Shortly after his firing he was hired by the Philadelphia Flyers as a Western Conference scout, a position he held until April 2006 when he was appointed president and general manager of the Los Angeles Kings. He brought along Ferreira as a special advisor. As with the Sharks, Lombardi was a shrewd drafter and developer of talent, drafting the likes of Jonathan Bernier, Trevor Lewis, Alec Martinez, Slava Voynov, and his most notable draft pick, Drew Doughty, the number two overall pick in the 2008 NHL Entry Draft. Lombardi also complimented the draft picks with solid veteran signings and trades for Dustin Penner, Mike Richards, and Jeff Carter, among others. As he did with the Sharks, Lombardi's Kings saw gradual improvement yearly, culminating with a 101 point season for the 2009-10. However, the Kings were eliminated in the first round of the 2010 Stanley Cup Playoffs by the Vancouver Canucks. The following season the Kings won the same amount of games (46), and had 98 points, but were defeated in the first-round once again, this time by his former team, the San Jose Sharks.

Stanley Cup Champions, 2011-12[edit]

The Kings started the 2011-12 NHL season slowly, going 13-12-4, a record that resulted in Lombardi's firing of head coach Terry Murray. It was a tough move by Lombardi because of his respect for Murray, but a move that he felt had to be made to salvage the season. Lombardi opened himself up to criticism by tapping his former head-coach in San Jose, Darryl Sutter. Many believed this was simply a case of recycling a friend and former coach, but Sutter was exactly what the Kings needed to jump-start their season. Murray was retained as a scout. Still, it was battle for the rest of the year for the Kings to qualify for the playoffs, which they did by five points (95-90) over the Calgary Flames for the eighth and final playoff spot in the Western Conference.

That qualification would be the beginning of arguably the greatest and most improbable run in playoff history. The Kings would set several records in their run to the Stanley Cup championship, including being the first eight-seed to win the Stanley Cup, the second team (Calgary Flames) to eliminate the top three seeds in their conference and first eight-seed to do so (Vancouver Canucks, St. Louis Blues, Phoenix Coyotes), the first team to build 3-0 series leads in all four rounds (Canucks, Blues,Coyotes,and New Jersey Devils), and winning the most games on the road for a Cup champion, 10, and the most consecutive wins on the road, 10. The Kings never faced an elimination game, and only lost one game on the road, and that didn't happen until Game 5 of the Stanley Cup final in New Jersey, their 11th and final road game.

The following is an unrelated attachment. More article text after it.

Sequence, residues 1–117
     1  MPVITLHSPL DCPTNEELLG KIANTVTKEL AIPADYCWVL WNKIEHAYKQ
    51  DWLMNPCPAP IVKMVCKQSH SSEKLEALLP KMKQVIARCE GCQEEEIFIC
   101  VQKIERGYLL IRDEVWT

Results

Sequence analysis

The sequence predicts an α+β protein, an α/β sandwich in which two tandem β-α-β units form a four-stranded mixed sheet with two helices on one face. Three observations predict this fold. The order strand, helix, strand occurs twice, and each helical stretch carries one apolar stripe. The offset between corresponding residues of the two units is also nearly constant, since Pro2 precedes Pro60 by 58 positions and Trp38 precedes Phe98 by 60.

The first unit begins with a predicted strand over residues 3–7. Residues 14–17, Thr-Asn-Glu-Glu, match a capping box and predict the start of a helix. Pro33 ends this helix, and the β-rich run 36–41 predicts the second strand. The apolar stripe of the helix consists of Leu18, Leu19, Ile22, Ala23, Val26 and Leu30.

On June 11, 2012, at the Staples Center in Los Angeles, the Kings won the franchise's first Stanley Cup with a 6-1 victory over the Devils. The Conn Smythe Trophy winner as playoff MVP was goalie Jonathan Quick, a product of the University of Massachusetts-Amherst of the Hockey East conference. Lombardi was quick to praise Murray for getting the team going in the right direction on the bench, and it was announced the team elected to have his name engraved on the Stanley Cup. He also highly complimented his predecessor Dave Taylor of laying the foundation with keen draft picks, including Anze Kopitar. On June 14, 2012, an estimated 250,000 people came out for the Kings victory parade through downtown Los Angeles. On August 8–9, 2012, Lombardi continued the tradition of every member of the current Stanley Cup champions spending a day with the Stanley Cup by bringing it to his native Ludlow, Massachusetts.

On June 13, 2014 Lombardi's Kings won the Stanley Cup Championship for the second time in three seasons.

References[edit]

Preceded by
Chuck Grillo
General Manager of the San Jose Sharks
1996-2003
Succeeded by
Doug Wilson
Preceded by
Dave Taylor
General Manager of the Los Angeles Kings
2006–present
Incumbent